The average Venezuelan must now wait in long lines for bread and medicine, and many are going hungry and unpaid, as the government struggles to avert default. But the situation is rough for businesses, foreign and domestic, as well.
Political tensions, corruption, high crime rates, a restrictive investment law and interruptions of electric service have made doing business in Venezuela akin to running an obstacle course en route to bankruptcy. Especially burdensome have been harsh currency restrictions and repeated devaluations of the bolívar, the local currency, which have limited imports of vital machine parts and goods, while shrinking the value in dollars of company revenues.
Much if not most business is done with the government and state-owned companies, and invoices can go unpaid for months on end. The government has expropriated more than 1,400 private businesses since 1998, according to the State Department.
“Nowadays, there is no country in Latin America more difficult for a company to operate in,” said Luis Giusti, a former chief executive of Petróleos de Venezuela, or PDVSA, the national oil company, who also worked for Shell Corp. of Venezuela. “There is uncertainty for the future of the economy, and companies have long periods to wait for cash.”
Coca-Cola, long one of the most successful companies in Latin America, suspended production in Venezuela last summer because of a scarcity of sugar in a country that once was one of the prime producers in the region. Bridgestone, Clorox, Ford Motor, General Mills, Kimberly Clark and Procter & Gamble have all left Venezuela or scaled back production sharply in the country amid political hostility and a general shortage of necessary raw materials in recent years.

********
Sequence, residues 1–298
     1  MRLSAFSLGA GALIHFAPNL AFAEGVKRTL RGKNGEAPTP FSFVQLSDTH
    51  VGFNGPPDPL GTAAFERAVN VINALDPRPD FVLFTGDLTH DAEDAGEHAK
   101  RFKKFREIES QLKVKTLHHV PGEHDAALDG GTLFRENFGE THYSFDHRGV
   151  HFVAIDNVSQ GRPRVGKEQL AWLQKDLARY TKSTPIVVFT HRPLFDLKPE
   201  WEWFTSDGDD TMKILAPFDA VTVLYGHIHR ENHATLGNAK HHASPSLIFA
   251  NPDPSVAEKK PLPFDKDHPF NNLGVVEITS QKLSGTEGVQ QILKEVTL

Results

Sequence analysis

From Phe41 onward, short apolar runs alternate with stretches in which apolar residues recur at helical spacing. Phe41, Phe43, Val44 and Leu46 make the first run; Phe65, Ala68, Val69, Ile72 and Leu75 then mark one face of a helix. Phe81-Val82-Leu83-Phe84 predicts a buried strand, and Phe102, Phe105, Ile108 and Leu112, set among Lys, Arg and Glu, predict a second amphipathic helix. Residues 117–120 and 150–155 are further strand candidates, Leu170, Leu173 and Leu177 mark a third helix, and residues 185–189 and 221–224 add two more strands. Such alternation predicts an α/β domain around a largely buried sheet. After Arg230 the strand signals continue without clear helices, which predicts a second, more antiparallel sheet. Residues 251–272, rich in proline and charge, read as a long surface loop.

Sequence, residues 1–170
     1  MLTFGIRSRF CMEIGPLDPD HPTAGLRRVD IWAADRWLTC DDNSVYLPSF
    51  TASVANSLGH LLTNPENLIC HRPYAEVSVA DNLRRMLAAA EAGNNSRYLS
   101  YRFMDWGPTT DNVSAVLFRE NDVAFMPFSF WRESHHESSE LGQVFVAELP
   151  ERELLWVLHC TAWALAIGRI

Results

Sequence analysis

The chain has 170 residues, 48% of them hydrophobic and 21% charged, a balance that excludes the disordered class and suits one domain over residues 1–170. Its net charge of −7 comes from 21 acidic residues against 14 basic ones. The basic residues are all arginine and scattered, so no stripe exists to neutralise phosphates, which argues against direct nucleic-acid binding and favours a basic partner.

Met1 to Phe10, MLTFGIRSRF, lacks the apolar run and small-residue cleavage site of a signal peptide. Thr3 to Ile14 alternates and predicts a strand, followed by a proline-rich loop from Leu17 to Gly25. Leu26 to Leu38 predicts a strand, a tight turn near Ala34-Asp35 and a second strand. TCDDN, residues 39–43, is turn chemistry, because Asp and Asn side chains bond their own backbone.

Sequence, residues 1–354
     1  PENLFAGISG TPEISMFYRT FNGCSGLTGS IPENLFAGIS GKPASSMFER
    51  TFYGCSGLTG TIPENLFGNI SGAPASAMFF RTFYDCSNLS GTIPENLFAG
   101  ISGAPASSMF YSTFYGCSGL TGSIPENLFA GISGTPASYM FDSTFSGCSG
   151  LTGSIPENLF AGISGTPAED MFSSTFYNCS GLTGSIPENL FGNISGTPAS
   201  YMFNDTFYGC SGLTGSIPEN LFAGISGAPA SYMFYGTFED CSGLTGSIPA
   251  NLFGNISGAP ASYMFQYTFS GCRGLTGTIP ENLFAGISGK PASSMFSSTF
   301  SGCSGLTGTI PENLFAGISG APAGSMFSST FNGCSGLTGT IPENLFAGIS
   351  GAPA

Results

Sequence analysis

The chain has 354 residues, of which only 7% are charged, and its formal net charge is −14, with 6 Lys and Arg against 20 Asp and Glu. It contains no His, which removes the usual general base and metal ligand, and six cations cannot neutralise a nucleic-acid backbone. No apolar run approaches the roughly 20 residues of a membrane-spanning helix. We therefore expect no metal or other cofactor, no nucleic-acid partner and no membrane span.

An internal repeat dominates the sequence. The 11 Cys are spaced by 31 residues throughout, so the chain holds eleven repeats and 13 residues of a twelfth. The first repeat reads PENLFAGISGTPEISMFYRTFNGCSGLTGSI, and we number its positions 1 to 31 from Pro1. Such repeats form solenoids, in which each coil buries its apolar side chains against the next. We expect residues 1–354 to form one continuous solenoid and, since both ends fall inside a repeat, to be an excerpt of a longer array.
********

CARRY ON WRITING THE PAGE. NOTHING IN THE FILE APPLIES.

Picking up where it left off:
In the economy’s most vital sector, oil production, the international companies that remain are barely hanging on. Scores of international and domestic oil service companies have been expropriated since President Hugo Chávez, who was elected in 1998, came to power. Under Mr. Chávez, the government took a majority stake in four giant oil projects in 2007, prompting Exxon Mobil and ConocoPhillips to leave the country. Chevron has chosen to stay as a minority partner to PDVSA.
Mr. Chávez, who died in 2013, also seized a major gas injection project run by Williams Companies of Tulsa, Oklahoma, and seized 11 rigs from Helmerich & Payne, another major service company based in Oklahoma.
Life under Mr. Chávez’s successor, Mr. Maduro, has been no better, especially since oil prices plunged in late 2014.
Several international service companies are keeping staff members, offices and equipment, including rigs, in the country despite a lack of payments from PDVSA in hopes that Venezuela will return to its traditional place as South America’s leading oil producer.
But Baker Hughes, Halliburton, Schlumberger and Weatherford have all reduced their…